NCEAS Project 3741

Pathways of non-indigenous plant pest introductions: How exotic insects, pathogens and weeds arrive in the United States

  • Deborah G. McCullough
  • Joseph F. Cavey
  • Sarah Reichard

ActivityDatesFurther Information
Working Group25th June—1st July 2001Participant List  
Working Group20th—26th July 2002Participant List  

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Non-indigenous weeds, phytophagous insects and plant pathogens have had dramatic effects on ecosystems in North America and threaten nearly half of all endangered species in the United States. Introductions of non-indigenous species are expected to continue and will likely increase as global trade expands. The U.S. Department of Agriculture, Animal and Plant Health Inspection Service (USDA, APHIS) is responsible for excluding non-indigenous phytophagous insects, plant pathogens and noxious weeds. Since 1985, APHIS personnel have maintained a database of non-indigenous species detected at ports, border inspection stations and airports. This database, known as the Port Interception Network or "PIN" data, exists on an aging mainframe computer in Maryland. Over 50,000 reports are entered into the PIN database annually. The PIN database, which has not been made available to the public, is unwieldy and queries must be carefully designed to extract appropriate data. APHIS personnel have used the PIN data for internal assessments and training, but intensive and multidisciplinary analysis of these data has not been attempted. Detailed and intensive analysis of the entire PIN database will greatly increase our understanding of precisely how unwanted organisms are entering the United States. In addition, results of our pathway analysis coupled with literature reviews should enable us to evaluate potential patterns or attributes of successful invaders. An interdisciplinary team of entomologists, pathologists, and botanists will analyze the PIN database. Our objectives are to: 1. Summarize historical trends in the groups of plant-feeding insects and related arthropods, plant pathogens and undesirable plants that arrive at the borders of the U.S.; 2. Evaluate potential associations or patterns that involve taxa from two or more groups; e.g. determine whether plant species or commodities are consistently associated with specific arthropod or pathogen introductions; 3. Identify the frequency that specific guilds or taxa arrive and the rate of establishment of members of those groups; 4. Determine whether attributes such as host breadth, size of native range, reproductive rate, mating system, dispersal method or other traits are related to the frequency of introduction or establishment of selected taxa.

TypeProducts of NCEAS Research
Presentations Cavey, Joseph F.; McCullough, Deborah G.; Work, Timothy. 2003. The impracticality of excluding pests by inspection alone. Section E Symposium: Overseas Activity to Protect America from Quarantine Pests, October 2003. Entomological Society of America, National Meeting. Cincinnati, OH.
Journal Article Marshall, David; Work, Timothy; Cavey, Joseph F. 2003. Invasion pathways of karnal bunt of wheat into the United States. Plant Disease. Vol: 87(8). Pages 999-1003. (Abstract)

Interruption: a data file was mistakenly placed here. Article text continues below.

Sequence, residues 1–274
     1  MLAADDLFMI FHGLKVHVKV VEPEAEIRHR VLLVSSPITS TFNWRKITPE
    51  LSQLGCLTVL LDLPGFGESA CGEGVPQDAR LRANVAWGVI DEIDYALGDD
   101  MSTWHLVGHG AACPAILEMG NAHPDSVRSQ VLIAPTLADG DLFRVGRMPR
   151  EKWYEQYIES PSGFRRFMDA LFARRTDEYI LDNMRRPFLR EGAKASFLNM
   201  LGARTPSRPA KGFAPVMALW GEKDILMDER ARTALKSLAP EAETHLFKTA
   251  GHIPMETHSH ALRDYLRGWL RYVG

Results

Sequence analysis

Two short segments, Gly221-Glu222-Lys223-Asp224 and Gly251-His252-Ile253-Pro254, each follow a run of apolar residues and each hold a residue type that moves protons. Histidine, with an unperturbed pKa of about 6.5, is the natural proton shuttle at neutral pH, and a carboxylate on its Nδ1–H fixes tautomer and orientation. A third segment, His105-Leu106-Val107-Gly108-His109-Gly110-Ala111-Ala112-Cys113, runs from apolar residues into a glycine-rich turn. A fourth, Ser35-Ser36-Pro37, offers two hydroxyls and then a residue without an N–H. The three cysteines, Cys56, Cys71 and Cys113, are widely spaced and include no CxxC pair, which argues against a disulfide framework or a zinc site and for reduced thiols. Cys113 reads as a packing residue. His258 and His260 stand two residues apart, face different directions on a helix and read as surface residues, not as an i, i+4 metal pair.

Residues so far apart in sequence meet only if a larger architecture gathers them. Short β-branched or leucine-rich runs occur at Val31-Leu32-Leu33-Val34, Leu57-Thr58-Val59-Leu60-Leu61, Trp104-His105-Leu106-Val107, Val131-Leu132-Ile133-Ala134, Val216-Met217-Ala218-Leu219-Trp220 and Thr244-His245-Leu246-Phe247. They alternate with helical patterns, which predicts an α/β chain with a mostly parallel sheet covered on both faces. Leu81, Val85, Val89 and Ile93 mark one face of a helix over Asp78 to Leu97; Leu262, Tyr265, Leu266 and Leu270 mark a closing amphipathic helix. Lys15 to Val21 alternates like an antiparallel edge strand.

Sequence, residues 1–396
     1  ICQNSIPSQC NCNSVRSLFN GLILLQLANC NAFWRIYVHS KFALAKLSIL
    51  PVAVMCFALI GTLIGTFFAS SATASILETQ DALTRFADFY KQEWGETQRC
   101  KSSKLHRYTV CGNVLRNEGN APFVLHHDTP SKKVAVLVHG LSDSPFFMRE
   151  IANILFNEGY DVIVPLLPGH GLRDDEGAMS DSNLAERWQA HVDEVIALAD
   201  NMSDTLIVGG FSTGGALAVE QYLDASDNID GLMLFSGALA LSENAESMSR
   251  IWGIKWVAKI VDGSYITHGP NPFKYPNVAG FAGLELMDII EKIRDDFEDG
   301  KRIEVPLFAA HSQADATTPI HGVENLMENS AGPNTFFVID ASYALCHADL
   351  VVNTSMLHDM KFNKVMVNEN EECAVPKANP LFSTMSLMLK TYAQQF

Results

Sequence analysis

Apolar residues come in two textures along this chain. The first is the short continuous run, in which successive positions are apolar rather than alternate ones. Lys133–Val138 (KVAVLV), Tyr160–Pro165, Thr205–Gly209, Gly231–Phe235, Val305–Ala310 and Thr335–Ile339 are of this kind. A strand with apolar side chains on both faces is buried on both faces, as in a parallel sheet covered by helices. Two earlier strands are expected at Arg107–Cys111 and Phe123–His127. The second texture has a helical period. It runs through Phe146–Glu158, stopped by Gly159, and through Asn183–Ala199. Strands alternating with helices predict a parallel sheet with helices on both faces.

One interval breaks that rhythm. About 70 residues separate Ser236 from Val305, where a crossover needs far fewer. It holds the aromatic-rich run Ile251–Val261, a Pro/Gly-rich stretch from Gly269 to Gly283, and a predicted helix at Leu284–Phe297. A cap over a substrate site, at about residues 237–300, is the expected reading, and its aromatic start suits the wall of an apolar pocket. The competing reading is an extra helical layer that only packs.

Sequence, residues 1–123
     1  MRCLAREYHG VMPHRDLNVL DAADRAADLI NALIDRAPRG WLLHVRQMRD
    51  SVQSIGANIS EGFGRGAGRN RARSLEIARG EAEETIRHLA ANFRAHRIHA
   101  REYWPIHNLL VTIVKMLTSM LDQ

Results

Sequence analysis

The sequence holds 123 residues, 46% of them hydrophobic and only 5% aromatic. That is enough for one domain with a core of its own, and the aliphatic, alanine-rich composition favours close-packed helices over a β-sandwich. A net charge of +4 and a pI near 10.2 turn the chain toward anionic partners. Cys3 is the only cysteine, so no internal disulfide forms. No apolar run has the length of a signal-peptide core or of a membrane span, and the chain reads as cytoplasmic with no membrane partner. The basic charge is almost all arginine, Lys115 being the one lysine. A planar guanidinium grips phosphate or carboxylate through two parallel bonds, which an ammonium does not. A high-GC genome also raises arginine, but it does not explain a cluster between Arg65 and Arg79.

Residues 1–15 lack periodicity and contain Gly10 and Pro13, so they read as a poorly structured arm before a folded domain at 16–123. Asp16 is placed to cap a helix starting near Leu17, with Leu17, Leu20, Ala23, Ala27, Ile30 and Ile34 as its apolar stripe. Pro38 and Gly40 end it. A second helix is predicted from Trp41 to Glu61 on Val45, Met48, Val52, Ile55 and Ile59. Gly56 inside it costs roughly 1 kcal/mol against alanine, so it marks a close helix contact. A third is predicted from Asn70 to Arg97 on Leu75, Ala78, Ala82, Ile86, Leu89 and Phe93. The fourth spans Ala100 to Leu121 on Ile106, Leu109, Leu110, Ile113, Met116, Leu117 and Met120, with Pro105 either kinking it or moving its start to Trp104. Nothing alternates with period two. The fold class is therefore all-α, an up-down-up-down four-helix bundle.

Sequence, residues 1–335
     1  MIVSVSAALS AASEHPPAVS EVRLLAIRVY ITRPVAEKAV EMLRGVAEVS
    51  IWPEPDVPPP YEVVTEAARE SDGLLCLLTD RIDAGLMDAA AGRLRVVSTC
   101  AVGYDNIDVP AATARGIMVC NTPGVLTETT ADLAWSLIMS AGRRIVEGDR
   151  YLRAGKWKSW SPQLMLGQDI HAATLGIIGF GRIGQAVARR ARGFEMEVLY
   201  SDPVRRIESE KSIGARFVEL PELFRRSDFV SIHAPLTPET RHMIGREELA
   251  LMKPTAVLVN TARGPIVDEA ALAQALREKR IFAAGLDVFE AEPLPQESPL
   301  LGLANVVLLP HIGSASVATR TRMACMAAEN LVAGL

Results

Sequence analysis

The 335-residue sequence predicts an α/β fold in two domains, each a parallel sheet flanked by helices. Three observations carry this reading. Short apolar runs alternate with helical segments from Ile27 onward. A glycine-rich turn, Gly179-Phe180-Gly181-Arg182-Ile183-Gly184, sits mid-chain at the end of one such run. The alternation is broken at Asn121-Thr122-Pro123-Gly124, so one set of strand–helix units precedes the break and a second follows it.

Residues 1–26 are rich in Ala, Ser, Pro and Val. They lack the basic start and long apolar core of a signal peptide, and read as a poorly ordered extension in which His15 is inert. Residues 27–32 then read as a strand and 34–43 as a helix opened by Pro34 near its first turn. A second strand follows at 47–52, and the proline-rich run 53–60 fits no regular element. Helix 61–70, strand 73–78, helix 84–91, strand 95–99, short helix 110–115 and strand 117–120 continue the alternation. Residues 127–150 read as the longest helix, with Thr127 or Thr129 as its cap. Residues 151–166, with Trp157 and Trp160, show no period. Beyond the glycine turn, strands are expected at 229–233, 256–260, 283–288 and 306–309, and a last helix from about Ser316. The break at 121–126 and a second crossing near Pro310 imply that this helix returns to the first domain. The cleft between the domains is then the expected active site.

Presentations McCullough, Deborah G. 2003. Nonindigenous insect species: Can we slow the arrival, survival and thrive-al?. Symposium on Exotic Forest Pests, April 2003. Technological University and Michigan Society of American Foresters. Houghton, MI.
Presentations McCullough, Deborah G. 2004. Invasive pests of forest and shade trees: Can we slow their arrival or impact?. Lawn and Landscape Weed and Insect Management Summit, August 2004. Chicago.
Presentations McCullough, Deborah G. 2005. Arrival of exotic insect pests - what does the future hold?. Michigan Forest Health Workshops, 15-16 March 2005. Michigan Department of Natural Resources, MSU Extension and the Michigan Forest Stewardship Program. Escanaba and Grayling, MI.
Presentations McCullough, Deborah G.; Work, Timothy; Cavey, Joseph F.; Komsa, Ron. 2005. Arrival rate of nonindigenous insect species into the United States through foreign trade. Quantitative Approaches to Understanding Biological Invasions. 16th Annual USDA Interagency Research Forum on Invasive Species, January 2005. Annapolis, MD.
Presentations McCullough, Deborah G. 2005. Exotic forest pests: The biggest threat to eastern forests in North America. Ohio Forestry Association Annual Meeting, March 2005. Columbus, OH.
Presentations McCullough, Deborah G. 2005. Pathways of invasion for nonindigenous forest pests. Michigan Forest Health Workshop for State, Federal and Private Foresters, August 2005. Pellston, MI.
Journal Article McCullough, Deborah G.; Work, Timothy; Cavey, Joseph F.; Liebhold, Andrew M.; Marshall, David. 2006. Interceptions of nonindigenous plant pests at U.S. ports of entry and border crossings over a 17 year period. Biological Invasions. Vol: 8. Pages 611-630.
Journal Article Work, Timothy; McCullough, Deborah G.; Cavey, Joseph F.; Komsa, Ron. 2005. Arrival rate of nonindigenous insect species into the United States through foreign trade. Biological Invasions. Vol: 7. Pages 323-332.